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Private International Law and Global Governance$
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Horatia Muir Watt and Diego P. Fernández Arroyo

Print publication date: 2014

Print ISBN-13: 9780198727620

Published to Oxford Scholarship Online: March 2015

DOI: 10.1093/acprof:oso/9780198727620.001.0001

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Importing Proportionality to the Conflict of Laws

Importing Proportionality to the Conflict of Laws

Chapter:
14 Importing Proportionality to the Conflict of Laws
Source:
Private International Law and Global Governance
Author(s):

Jeremy Heymann

Publisher:
Oxford University Press
DOI:10.1093/acprof:oso/9780198727620.003.0015

Prima facie, proportionality and conflict of laws seem to have so little in common that the study of the relationship that the latter has with the former could reveal itself to be quite poor. However, the very fact that within EU law the use of Union competences is governed by the principle of proportionality discloses, in the field of private international law, a shift towards a ‘constitutionalization’ of the field. The import of proportionality to the conflict of laws appears indeed to serve, through a balancing of interests, a particular end that is the attainment of a judicial review of Member States’ actions in this realm. This chapter reveals that the traditional public/private law divide is now eroded and that time has come to consider conflicts law in Europe from a constitutional viewpoint.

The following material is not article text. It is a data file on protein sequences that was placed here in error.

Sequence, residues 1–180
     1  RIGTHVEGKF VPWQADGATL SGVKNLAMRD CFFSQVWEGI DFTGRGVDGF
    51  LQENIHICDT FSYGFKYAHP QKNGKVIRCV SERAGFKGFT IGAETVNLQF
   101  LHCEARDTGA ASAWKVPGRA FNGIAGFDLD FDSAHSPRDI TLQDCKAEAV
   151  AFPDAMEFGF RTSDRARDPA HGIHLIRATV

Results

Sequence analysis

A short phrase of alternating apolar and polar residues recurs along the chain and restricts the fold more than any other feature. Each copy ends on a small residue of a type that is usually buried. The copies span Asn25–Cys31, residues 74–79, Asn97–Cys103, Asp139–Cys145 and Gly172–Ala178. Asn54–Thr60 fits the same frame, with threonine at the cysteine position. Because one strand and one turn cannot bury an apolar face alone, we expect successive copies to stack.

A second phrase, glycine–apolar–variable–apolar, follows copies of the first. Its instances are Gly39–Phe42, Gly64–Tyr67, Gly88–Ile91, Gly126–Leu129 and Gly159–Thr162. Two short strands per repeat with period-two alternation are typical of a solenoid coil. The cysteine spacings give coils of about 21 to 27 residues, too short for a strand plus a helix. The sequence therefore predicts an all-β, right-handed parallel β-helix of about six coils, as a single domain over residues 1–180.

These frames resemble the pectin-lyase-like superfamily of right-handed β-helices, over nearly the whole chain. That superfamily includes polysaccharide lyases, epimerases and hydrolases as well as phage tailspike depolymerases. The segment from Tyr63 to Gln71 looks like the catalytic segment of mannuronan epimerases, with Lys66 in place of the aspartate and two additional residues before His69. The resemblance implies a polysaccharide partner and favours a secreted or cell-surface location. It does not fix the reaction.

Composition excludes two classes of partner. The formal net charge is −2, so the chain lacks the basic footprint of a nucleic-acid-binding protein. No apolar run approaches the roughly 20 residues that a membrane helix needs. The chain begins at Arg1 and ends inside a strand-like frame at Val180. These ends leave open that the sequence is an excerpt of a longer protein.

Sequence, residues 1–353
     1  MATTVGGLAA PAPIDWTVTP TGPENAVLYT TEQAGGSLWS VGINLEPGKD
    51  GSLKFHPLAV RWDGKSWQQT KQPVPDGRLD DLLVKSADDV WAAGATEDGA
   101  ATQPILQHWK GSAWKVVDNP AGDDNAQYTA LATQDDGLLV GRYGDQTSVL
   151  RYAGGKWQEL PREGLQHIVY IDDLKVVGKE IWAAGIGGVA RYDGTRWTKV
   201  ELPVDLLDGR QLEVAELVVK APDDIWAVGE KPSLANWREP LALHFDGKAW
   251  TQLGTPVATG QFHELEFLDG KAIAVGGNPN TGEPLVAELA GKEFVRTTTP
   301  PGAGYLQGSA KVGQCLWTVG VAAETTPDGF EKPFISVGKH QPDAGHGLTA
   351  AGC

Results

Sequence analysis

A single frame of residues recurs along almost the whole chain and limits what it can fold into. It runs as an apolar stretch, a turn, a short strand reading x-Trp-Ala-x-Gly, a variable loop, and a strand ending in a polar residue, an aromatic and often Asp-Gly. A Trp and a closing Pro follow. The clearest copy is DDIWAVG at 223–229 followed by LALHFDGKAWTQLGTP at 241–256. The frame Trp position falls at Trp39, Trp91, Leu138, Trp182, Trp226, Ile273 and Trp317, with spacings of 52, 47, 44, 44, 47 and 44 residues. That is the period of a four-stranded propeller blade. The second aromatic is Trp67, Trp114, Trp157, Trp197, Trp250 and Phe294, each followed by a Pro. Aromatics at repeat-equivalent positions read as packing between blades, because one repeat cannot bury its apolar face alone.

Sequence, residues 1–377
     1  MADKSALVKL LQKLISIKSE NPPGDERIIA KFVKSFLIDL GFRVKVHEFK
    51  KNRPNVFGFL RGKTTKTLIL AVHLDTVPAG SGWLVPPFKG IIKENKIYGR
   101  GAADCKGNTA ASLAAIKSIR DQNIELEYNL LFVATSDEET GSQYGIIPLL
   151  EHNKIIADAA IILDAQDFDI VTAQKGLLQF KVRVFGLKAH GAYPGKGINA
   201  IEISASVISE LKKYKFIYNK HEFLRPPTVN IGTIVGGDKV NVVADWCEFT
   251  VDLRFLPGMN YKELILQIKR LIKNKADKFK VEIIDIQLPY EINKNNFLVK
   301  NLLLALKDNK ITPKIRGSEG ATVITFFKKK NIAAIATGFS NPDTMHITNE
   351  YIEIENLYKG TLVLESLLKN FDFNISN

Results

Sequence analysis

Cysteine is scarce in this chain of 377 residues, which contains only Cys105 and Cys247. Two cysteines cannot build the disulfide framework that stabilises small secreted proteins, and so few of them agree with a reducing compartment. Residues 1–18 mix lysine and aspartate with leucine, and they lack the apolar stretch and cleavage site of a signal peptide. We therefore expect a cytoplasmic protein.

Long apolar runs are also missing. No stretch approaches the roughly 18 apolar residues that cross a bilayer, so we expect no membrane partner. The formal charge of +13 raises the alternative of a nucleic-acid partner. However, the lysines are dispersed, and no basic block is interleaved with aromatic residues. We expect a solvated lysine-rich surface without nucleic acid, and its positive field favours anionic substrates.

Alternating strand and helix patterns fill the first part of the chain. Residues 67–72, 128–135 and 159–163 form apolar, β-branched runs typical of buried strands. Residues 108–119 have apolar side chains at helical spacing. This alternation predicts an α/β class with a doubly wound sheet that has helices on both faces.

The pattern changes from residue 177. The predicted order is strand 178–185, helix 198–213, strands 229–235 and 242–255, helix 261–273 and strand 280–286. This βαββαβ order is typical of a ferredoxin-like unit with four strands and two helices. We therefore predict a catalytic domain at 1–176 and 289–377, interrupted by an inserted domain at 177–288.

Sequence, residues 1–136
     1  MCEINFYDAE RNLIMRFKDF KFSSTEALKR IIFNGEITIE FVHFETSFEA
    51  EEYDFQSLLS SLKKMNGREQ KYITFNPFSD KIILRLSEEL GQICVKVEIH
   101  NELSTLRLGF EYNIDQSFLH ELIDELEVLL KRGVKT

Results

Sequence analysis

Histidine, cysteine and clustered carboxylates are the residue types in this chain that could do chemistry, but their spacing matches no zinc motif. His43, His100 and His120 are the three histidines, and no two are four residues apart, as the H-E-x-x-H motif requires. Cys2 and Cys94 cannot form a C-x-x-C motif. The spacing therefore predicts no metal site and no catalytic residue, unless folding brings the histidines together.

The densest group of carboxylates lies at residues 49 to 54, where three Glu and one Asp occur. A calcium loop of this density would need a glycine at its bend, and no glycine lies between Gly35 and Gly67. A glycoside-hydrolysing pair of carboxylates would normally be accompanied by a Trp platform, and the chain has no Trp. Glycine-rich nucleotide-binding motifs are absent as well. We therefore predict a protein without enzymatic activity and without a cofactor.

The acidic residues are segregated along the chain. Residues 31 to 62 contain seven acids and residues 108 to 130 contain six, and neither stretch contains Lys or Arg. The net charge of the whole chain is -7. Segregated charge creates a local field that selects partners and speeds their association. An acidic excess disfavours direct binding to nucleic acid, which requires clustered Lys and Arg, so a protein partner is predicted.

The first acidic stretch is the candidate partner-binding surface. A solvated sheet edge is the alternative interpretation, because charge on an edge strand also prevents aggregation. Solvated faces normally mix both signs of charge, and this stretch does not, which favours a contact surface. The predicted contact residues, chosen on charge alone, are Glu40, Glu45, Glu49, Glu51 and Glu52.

Keywords:   conflict of laws, proportionality, EU law, constitutionalization, federalism, judicial review, balance of interests

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